In 2010, 123.3 million people, or 39 percent of the nation’s population lived in counties directly on the shoreline. This population is expected to increase by 8% [10 million people] from 2010 to 2020.
In 2015, it was finally settled, the Clean Water Rule clarified and restored longstanding protections under the 1972 Clean Water Act. Smaller water bodies—including countless miles of streams, creeks, brooks, wetlands and more were protected.
The most critical piece of legislation in existence for clean water advocates, anglers, and waterfowl enthusiasts was now determined. Millions of coastal inhabitants would be protected from developers and corporations draining America’s natural barriers from sea rise, and storms, nursery grounds for millions of game fish would continue to thrive, and waterfowl would have protected rest-overs and breeding grounds.
— Skip Clement
Trump admin finalizes repeal of Clean Water Rule
WOTUS rollback reverses protections on millions of miles of streams
by Chad Shmukler / Hatch Magazine / September 12th, 2019
[dropcap]A[/dropcap]s part of an effort begun only minutes after Donald Trump took office in 2017, the Trump administration today released its final rule repealing the Clean Water Rule. The Clean Water Rule, otherwise known as WOTUS (the Waters of the U.S. rule), was to anglers perhaps the single most important piece of legislation in existence.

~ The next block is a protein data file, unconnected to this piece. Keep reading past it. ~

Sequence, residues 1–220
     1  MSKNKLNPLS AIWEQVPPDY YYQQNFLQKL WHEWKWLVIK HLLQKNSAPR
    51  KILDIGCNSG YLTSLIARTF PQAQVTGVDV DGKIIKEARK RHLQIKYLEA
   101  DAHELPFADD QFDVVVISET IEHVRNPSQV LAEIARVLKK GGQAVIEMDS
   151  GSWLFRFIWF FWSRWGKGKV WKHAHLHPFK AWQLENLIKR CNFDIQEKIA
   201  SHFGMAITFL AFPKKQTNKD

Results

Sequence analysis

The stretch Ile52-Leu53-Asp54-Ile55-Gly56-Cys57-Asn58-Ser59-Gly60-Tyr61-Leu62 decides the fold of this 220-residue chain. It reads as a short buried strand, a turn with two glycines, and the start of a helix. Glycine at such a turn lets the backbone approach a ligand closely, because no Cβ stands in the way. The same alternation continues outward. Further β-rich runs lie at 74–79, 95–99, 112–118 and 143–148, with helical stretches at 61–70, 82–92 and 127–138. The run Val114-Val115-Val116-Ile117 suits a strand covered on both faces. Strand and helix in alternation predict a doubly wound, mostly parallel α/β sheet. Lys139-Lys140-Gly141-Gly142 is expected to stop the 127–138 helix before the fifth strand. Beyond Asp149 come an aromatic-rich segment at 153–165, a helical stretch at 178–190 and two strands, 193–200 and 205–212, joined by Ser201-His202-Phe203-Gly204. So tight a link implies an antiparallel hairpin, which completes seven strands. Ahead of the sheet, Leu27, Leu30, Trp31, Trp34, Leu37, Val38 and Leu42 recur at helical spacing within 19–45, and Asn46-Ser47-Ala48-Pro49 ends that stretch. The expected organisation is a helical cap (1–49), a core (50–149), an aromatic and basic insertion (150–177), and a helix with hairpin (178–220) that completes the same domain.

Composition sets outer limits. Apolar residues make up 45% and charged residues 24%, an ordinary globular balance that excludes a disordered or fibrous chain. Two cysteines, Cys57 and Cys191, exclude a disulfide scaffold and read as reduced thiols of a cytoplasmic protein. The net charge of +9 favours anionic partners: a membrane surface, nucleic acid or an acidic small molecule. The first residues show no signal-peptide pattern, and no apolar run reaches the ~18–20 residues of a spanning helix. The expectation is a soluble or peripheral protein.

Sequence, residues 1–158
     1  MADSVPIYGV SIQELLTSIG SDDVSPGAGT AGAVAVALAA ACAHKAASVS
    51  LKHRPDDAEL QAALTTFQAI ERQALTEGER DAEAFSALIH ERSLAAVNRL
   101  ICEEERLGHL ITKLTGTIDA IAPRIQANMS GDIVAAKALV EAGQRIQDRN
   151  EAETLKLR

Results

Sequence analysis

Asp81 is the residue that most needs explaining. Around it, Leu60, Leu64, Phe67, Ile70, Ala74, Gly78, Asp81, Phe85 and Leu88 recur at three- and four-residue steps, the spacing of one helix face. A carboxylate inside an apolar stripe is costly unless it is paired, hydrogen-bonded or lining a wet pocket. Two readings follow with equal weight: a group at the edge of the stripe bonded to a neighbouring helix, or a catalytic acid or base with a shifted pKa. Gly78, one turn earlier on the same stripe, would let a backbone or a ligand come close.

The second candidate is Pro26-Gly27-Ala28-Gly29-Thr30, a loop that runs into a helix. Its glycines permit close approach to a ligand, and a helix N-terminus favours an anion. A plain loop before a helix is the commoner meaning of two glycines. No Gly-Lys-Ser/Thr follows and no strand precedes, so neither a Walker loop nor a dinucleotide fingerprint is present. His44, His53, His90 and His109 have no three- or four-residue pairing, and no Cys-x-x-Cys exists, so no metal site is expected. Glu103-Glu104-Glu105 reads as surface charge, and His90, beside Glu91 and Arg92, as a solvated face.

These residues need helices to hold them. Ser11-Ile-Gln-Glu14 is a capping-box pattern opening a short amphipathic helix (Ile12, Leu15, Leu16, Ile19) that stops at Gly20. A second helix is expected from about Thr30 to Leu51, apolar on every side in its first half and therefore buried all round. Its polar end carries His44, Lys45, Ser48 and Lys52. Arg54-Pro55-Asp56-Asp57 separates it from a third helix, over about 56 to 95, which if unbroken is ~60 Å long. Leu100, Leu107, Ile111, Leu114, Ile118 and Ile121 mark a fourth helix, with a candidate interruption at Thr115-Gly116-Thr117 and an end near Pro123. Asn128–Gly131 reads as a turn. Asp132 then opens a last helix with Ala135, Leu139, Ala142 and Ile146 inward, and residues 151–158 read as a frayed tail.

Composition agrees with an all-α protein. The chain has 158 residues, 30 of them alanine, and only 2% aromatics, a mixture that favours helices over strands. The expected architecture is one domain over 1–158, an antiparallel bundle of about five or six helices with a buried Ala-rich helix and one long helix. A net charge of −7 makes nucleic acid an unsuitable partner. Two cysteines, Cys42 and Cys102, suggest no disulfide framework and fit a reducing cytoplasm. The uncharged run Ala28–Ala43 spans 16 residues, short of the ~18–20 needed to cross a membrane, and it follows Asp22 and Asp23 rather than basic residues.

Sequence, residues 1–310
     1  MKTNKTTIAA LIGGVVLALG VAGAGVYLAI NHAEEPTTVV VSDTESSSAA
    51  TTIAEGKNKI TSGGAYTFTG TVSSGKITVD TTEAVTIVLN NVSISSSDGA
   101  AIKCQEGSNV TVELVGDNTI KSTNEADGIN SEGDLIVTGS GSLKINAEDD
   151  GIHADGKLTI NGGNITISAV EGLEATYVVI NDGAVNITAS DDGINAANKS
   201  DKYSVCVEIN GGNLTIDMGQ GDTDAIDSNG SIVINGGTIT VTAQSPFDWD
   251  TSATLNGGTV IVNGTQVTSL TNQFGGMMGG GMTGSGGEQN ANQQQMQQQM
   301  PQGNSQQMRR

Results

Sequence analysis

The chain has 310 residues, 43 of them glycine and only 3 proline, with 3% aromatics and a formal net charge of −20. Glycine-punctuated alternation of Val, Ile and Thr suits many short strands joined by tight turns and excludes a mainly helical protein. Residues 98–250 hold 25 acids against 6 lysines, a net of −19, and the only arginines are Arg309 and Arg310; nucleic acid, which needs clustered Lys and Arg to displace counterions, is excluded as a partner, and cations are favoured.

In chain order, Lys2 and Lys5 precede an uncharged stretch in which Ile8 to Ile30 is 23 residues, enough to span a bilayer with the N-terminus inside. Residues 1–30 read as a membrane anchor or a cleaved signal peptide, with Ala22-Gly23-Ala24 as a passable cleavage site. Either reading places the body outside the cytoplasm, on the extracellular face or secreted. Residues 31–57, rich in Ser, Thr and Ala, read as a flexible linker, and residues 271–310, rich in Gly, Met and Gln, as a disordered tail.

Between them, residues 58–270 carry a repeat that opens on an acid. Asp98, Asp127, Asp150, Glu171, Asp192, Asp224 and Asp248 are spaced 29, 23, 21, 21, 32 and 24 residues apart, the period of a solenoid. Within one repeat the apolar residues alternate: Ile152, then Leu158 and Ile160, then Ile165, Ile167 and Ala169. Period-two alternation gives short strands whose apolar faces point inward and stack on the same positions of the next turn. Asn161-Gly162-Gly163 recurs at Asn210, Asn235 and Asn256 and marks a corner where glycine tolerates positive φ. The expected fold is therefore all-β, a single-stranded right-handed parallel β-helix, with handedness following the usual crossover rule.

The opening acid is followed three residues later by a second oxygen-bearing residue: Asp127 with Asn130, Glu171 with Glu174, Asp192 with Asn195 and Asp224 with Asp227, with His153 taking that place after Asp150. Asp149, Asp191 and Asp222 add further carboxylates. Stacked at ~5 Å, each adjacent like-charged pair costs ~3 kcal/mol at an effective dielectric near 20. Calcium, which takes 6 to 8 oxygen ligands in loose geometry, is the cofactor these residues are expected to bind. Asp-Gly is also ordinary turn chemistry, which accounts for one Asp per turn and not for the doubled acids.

Enacted in 2015, the Clean Water Rule clarified and restored longstanding protections under the 1972 Clean Water Act (CWA) after two Supreme Court decisions (in 2001 and 2006) led to years of ambiguity and legal challenges regarding the jurisdiction of the CWA to protect to smaller water bodies—including countless miles of streams, creeks, brooks, wetlands and more.
In 2011, the EPA and the Army Corps of Engineers began a cooperative process in which the two agencies worked together to conduct an analysis of the intended and appropriate jurisdiction of the CWA. The project was exhaustive. According to American Rivers spokesperson Amy Kober, “In the four years that the two agencies worked to craft the rule, they reviewed over 1,200 scientific studies, collected over 1,000,000 public comments, drafted over 6,000 pages of responses, and held over 400 public meetings.” The result was the 2015 Clean Water Rule, which clarified that the CWA did extend protections to smaller water bodies like streams, creeks, wetlands and even intermittent and ephemeral water bodies.